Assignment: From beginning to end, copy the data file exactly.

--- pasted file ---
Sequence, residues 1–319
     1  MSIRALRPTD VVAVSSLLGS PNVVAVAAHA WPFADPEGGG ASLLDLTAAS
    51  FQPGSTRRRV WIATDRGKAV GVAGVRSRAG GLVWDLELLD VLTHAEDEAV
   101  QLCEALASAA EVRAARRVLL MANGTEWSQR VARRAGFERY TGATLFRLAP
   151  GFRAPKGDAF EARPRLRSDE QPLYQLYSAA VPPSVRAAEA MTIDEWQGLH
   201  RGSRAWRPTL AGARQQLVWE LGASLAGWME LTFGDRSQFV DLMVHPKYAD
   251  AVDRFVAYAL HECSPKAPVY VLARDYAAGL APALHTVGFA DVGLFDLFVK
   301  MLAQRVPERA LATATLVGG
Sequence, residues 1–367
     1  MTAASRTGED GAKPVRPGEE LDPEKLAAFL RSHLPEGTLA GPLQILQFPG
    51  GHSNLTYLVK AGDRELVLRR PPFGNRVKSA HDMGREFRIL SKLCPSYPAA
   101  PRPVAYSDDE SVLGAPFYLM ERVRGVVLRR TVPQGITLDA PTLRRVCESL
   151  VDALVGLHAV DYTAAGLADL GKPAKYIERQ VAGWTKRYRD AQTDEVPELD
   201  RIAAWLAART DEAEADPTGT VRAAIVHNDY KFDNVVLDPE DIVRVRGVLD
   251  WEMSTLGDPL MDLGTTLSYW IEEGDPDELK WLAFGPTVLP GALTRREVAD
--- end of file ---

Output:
Sequence, residues 1–319
     1  MSIRALRPTD VVAVSSLLGS PNVVAVAAHA WPFADPEGGG ASLLDLTAAS
    51  FQPGSTRRRV WIATDRGKAV GVAGVRSRAG GLVWDLELLD VLTHAEDEAV
   101  QLCEALASAA EVRAARRVLL MANGTEWSQR VARRAGFERY TGATLFRLAP
   151  GFRAPKGDAF EARPRLRSDE QPLYQLYSAA VPPSVRAAEA MTIDEWQGLH
   201  RGSRAWRPTL AGARQQLVWE LGASLAGWME LTFGDRSQFV DLMVHPKYAD
   251  AVDRFVAYAL HECSPKAPVY VLARDYAAGL APALHTVGFA DVGLFDLFVK
   301  MLAQRVPERA LATATLVGG
Sequence, residues 1–367
     1  MTAASRTGED GAKPVRPGEE LDPEKLAAFL RSHLPEGTLA GPLQILQFPG
    51  GHSNLTYLVK AGDRELVLRR PPFGNRVKSA HDMGREFRIL SKLCPSYPAA
   101  PRPVAYSDDE SVLGAPFYLM ERVRGVVLRR TVPQGITLDA PTLRRVCESL
   151  VDALVGLHAV DYTAAGLADL GKPAKYIERQ VAGWTKRYRD AQTDEVPELD
   201  RIAAWLAART DEAEADPTGT VRAAIVHNDY KFDNVVLDPE DIVRVRGVLD
   251  WEMSTLGDPL MDLGTTLSYW IEEGDPDELK WLAFGPTVLP GALTRREVAD